I Can Do That: Storage Bench
The inspiration for this “I Can Do That” storage bench was simple – I wanted it. Ever since I picked up a king-size bed at a liquidation sale, I wanted a matching bench to hold my shoes at the foot of the bed. After seeing many designs that were running anywhere from $250 to $400, I thought to myself “I can do that” – and with a sheet of plywood and some pocket screws, you can too.
Cut to Length
For my stock, I used 3/4″ Baltic birch plywood. Using your circular saw and a clamped-down straightedge jig to guide the cut, begin ripping your lumber. For tips on using the circular saw and guide, download the free “I Can Do That” manual at ICanDoThatExtras.com.
Start by ripping a 16″-wide panel from which you’ll cut both side pieces, then cut them to length. Now rip the benchtop and bottom shelf to 15 1/4″ wide to accommodate for the 3/4″ thickness of the back panel. Next cut the back panel to match the length of the benchtop and bottom shelf. Finally cut the height of the center divider to set the height of the storage cubbies.
This is My Good Side
Before cutting the side profiles with your jigsaw, examine your stock to choose the best outside face. With plywood it is more than likely that you’ll have patches in several places; so make sure these will not be exposed. Using a paper pattern for the feet, trace the outline along the bottom, flip the pattern for the opposite foot, then connect the tops of the feet with a square. For marking the notch on the top, trace the inside of a roll of packing tape.
Now you are ready to cut the profile with your jigsaw. (If you haven’t picked up any Bosch T380B Xtra-Clean jigsaw blades, we highly recommend them.) First cut the insides of the feet, making sure to stay on the waste side of your line. To connect the feet, start by cutting a gradual curve until you reach the connecting line as seen in the photo below. Then remove the rest of the waste. To remove the wood for the top corner notch, first make several relief cuts – slice toward the line as if you were cutting a pizza. This will make it easier to cut the final curve of the notch with your jigsaw or with a coping saw.
Then grab your rasp and some #120-grit sandpaper to clean up all your jigsaw cuts and you’re almost ready for assembly. Prepare for Pocket Screws To make assembly a breeze, it’s a good idea to cut all your pocket-screw holes in advance. First examine your stock for the best faces, then use your pocket-screw jig to make four evenly spaced holes along the ends of the three large panels. The faces needing pocket screws are the bottom of the benchtop, the bottom of the bottom shelf and the back of the back panel. The center divider needs only one row of holes along its top edge. Once all of your pocket-screw holes are drilled, sand all your parts up to #150 grit.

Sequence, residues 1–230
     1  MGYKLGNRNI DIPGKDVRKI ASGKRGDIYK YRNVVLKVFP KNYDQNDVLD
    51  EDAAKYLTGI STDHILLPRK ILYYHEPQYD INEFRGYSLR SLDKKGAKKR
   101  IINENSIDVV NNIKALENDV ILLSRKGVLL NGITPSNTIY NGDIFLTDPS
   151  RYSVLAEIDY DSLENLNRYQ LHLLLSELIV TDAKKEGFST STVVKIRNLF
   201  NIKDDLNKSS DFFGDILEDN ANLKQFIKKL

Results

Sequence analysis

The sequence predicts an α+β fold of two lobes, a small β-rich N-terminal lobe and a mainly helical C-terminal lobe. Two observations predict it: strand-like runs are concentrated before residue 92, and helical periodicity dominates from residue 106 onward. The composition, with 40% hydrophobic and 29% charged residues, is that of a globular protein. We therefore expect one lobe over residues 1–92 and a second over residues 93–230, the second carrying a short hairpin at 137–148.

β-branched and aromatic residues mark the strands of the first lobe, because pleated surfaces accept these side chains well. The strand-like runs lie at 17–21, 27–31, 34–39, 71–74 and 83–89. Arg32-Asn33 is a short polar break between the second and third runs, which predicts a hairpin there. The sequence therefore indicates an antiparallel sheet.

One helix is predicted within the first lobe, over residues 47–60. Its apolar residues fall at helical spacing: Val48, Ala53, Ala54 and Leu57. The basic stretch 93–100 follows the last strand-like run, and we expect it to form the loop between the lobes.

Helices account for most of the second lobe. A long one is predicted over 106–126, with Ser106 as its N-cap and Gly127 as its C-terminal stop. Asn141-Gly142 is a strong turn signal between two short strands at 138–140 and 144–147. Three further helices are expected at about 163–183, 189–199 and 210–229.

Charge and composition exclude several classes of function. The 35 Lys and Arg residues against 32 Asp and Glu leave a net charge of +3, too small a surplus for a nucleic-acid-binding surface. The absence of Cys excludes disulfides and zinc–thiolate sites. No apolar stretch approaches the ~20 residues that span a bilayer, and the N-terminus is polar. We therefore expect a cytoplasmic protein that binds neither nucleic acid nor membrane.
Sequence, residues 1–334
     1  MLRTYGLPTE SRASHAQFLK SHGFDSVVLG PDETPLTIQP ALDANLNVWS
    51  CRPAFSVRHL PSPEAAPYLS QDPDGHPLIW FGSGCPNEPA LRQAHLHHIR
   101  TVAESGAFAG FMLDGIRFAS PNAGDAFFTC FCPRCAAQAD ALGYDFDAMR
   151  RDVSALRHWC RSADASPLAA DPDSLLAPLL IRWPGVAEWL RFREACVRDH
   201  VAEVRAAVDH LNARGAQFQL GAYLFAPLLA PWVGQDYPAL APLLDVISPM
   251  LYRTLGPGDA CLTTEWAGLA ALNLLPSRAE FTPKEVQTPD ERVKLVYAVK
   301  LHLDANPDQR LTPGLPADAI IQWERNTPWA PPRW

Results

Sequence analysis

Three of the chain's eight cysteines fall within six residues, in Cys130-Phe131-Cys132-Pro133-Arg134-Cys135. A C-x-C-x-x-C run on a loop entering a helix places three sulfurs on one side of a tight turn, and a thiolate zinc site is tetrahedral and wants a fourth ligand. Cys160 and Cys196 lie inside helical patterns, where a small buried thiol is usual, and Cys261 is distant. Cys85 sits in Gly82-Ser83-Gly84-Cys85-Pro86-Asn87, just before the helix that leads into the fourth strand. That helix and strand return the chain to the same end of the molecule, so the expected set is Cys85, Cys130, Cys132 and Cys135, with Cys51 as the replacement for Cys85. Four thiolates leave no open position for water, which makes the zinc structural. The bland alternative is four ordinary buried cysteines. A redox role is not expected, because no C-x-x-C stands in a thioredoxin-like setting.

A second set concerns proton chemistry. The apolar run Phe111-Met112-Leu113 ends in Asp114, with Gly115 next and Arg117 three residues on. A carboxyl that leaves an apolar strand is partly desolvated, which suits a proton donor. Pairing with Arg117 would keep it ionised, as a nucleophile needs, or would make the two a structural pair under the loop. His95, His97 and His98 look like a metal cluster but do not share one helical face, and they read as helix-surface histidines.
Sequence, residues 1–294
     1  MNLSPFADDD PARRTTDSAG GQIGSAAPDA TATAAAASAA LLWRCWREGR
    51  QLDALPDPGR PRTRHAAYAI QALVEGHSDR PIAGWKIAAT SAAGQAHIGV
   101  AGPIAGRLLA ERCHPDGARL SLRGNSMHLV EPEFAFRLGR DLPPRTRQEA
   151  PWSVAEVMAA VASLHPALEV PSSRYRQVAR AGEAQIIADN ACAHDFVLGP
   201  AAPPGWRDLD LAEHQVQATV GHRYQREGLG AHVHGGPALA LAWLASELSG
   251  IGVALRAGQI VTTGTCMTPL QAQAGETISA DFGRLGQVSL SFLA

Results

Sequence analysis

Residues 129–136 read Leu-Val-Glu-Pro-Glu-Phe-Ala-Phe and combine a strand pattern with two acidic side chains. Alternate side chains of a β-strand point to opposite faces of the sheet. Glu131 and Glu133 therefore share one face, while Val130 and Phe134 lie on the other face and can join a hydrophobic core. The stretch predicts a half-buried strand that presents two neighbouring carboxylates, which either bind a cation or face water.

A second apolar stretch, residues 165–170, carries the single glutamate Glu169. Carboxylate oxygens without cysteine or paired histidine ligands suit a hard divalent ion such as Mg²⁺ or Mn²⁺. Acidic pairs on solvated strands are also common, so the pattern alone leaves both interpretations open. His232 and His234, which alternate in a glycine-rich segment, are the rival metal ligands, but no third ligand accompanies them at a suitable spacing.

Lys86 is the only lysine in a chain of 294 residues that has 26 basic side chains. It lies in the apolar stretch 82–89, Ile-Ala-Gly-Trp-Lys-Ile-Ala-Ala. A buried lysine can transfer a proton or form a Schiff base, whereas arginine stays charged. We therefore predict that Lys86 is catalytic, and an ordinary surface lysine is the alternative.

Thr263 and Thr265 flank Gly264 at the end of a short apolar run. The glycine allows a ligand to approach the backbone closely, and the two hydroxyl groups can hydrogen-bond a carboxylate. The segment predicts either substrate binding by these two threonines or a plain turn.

To assemble, start by placing the benchtop on two 2″ blocks of scrap with the pocket holes facing up. Clamping these scrap blocks to the side panels provides a square platform for attaching the benchtop and creates the proper seat depth of 2″. After flushing the benchtop to the front of the side panels, attach it with 1 1/4″ pocket screws.
Next, locate the center of the benchtop and clamp a block in place to keep the center divider square as you drive the screws. Again, keep this piece flush to the front.
To position the bottom of the bench to the sides, clamp two 11 1/2″ offcuts to the sides to provide a square platform. This prevents the bottom shelf from rocking on the center divider as you tighten your pocket screws.
After attaching the bottom shelf, mark its center and square up the center divider. Use your countersink bit to drill four holes and secure the bottom shelf to the center divider with #8 x 1 1/4″ flathead wood screws.
To attach the back, flip the bench forward so it is lying on its face, flush the back panel to the top of the sides, then drive home the pocket screws. Then use your countersink bit to drill four evenly spaced holes to secure the back to the benchtop, and repeat to join the back to the bottom shelf.
Now break all the edges with some #120- grit sandpaper and you’re ready to finish.
For that Store-bought Look
To match my bed, I wanted this bench to have the contemporary finish that, according to Editor Christopher Schwarz, “all the kids love these days.” The goal was to have a dark mahogany look with a touch of grain showing through, while still masking the plys on the exposed edges.
It sounds like a lot to accomplish, but heavily thinned latex enamel paint works perfectly. To thin the latex enough to allow a gradual build of color, begin by adding the paint to a cup of water. Once it has reached the consistency of chocolate milk, test the paint on an offcut. Once the consistency seems right, build up two to three coats of paint on your bench, until the wood reaches a rich, dark color but still has some grain peeking through.
When painting with this thinned-down latex, don’t start at the corners. When you paint the vertical sides, the paint will inevitably run down and fill in the corners. By not painting the corners first, you eliminate this fun “extra” coat and end up with a more even finish all around. For the exposed edges of the plywood, apply multiple coats (it doesn’t hurt to use the extra-thick paint at the bottom of your cup – the plys will soak up a lot).
After that, apply two coats of a glossy wiping varnish, sanding with #320 grit between the coats. Finally, buff down any remaining dust nibs with #0000 steel wool then apply a coat of paste wax. PW
Drew is the associate editor for the web for Popular Woodworking and Woodworking Magazine. Contact him at 513-531-2690 x11008 or firstname.lastname@example.org.